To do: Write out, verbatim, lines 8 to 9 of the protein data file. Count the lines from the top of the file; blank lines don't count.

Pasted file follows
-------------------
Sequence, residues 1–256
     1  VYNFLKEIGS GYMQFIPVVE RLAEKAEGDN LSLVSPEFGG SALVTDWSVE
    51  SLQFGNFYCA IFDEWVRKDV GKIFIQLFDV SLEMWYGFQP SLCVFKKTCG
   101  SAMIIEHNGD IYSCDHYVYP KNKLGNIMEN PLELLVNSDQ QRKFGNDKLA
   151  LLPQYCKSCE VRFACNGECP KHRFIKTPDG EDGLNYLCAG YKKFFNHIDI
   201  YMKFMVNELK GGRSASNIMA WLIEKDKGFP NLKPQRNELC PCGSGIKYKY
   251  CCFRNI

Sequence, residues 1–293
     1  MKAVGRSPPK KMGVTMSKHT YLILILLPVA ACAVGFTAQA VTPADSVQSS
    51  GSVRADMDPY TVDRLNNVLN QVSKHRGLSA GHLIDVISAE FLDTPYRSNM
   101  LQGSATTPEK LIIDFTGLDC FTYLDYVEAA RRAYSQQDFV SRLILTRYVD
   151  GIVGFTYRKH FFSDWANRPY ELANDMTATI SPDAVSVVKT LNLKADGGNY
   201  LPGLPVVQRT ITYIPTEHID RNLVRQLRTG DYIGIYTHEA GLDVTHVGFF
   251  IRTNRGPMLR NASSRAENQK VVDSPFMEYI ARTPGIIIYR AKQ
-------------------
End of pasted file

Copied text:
Sequence, residues 1–293
     1  MKAVGRSPPK KMGVTMSKHT YLILILLPVA ACAVGFTAQA VTPADSVQSS